Terence's Reviews > Deadhouse Gates

Deadhouse Gates by Steven Erikson
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Apr 15, 13

bookshelves: sf-fantasy
Read in March, 2005 — I own a copy, read count: 3+

** spoiler alert ** (Reread September 2009)

I must say that I'm enjoying rereading the Book of the Fallen. As with many a book that captures your attention, rereading it can bring out whole new levels of meaning and interpretation. Now, I'm not going to claim any great or groundbreaking philosophical weight for any of Erikson's work but he does attempt a certain "seriousness of purpose" (using Daniel Mendelsohn's criterion for good literature - see my review: http://www.goodreads.com/book/show/21...). He's not as polished or subtle as Ursula Le Guin, say, but his characters are believably complex and even the best of intentions can go horribly awry (in that last point, I have in mind Kilava's well meant attempt to save the Jaghut children in the Prologue to Memories of Ice).

In Deadhouse Gates, Erikson abandons most of the characters from Gardens to take us to the continent of Seven Cities and the Whirlwind's long awaited rebellion. From Gardens, we follow Kalam, Fiddler, Crokus & Apsalar as they attempt to return Apsalar to her home in Itko Kan. Kalam & Fiddler also have the ulterior motive of returning to the capital to assassinate Laseen, the Empress. In Seven Cities, Kalam is soon separated from his companions - he sets off alone to awaken the Whirlwind while Fiddler et al. find themselves caught up in Shadowthrone's plots and the fever dreams of Soletaken Ascendancy.

Two new plotlines are introduced: The first is the travails of Felisin, Ganoes Paran's youngest sister. The family has been disgraced by his betrayal and in another one of the Empire's periodic culls of the nobility, Tavore sacrifices her to appease the Empress (there's a complicated subterfuge going on, however, that Felisin (unfortunately) is unaware of until too late - the upshot is that Tavore is not quite the monster one might think). Felisin is sent to the Otataral mines on Seven Cities. Ironically, she winds up becoming the prophesied High Priestess of the Whirlwind, Sha'ik, eventually coming face to face with Tavore, the Empress' new Adjunct, in House of Chains.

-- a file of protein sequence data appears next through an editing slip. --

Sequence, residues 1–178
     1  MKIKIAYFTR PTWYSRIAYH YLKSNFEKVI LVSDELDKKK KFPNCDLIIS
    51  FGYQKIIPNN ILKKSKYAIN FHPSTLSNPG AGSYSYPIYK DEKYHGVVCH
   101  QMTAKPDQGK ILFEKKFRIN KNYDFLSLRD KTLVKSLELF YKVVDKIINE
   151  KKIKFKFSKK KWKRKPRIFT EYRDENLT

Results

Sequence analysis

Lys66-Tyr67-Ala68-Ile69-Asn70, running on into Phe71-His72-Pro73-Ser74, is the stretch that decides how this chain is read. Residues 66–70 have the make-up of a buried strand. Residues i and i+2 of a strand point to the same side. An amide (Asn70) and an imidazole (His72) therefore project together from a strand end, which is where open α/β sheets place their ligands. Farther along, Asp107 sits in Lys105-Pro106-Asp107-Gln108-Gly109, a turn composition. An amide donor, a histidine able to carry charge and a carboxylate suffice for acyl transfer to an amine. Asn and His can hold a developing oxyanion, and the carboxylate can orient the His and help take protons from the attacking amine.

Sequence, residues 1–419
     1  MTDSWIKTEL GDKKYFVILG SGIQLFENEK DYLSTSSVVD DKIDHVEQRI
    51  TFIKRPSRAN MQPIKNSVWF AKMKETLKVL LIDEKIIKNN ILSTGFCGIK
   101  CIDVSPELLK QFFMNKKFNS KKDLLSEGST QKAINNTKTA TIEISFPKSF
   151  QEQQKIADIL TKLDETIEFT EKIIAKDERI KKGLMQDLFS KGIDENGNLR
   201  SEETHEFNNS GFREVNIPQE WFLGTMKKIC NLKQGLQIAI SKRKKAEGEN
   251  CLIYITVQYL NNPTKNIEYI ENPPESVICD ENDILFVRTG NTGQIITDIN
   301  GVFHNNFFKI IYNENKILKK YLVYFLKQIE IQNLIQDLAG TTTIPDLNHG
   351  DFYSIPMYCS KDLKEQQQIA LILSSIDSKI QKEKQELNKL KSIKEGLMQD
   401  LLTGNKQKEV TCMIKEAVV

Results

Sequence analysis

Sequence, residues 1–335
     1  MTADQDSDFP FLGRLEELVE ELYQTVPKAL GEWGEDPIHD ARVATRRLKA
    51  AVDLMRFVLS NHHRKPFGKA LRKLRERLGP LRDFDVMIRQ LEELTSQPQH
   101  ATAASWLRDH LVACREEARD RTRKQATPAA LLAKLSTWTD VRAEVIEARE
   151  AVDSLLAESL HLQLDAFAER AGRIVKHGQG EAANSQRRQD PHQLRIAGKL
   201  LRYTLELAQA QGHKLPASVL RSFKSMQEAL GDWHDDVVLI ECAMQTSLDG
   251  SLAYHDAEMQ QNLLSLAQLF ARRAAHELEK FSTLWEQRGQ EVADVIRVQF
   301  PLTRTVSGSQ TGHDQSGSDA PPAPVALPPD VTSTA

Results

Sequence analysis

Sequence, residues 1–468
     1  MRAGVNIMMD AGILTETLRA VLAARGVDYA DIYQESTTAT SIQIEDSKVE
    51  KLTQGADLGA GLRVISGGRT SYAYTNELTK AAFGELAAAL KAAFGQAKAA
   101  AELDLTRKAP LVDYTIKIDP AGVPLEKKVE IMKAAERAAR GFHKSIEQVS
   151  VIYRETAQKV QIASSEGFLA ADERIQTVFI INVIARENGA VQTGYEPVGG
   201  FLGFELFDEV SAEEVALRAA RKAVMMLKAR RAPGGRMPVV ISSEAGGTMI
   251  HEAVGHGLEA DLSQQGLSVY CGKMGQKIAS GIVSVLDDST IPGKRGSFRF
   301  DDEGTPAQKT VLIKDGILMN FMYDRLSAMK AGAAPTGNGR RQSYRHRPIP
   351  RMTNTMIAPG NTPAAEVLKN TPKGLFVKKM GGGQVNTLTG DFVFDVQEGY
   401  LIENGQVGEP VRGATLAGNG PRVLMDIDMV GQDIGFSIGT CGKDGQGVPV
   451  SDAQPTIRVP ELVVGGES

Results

The second is the Chain of Dogs - the crossing of the continent by the ravaged Seventh Army and their Wickan allies, herding 50,000 civilian refugees in the face of constant assault by the blood-mad armies of the Whirlwind. Erikson has a way of including a least one apocalyptic struggle in each book of the series and the Chain is this one's. It's also, for me, the best and most affecting because I like its narrator, Duiker, the Imperial Historian, so much, as well as Coltaine, the Army's new Fist (general), a Wickan chief who originally led those tribes' resistance to Imperial expansion on Quon Tali.
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09/17/2009 page 389
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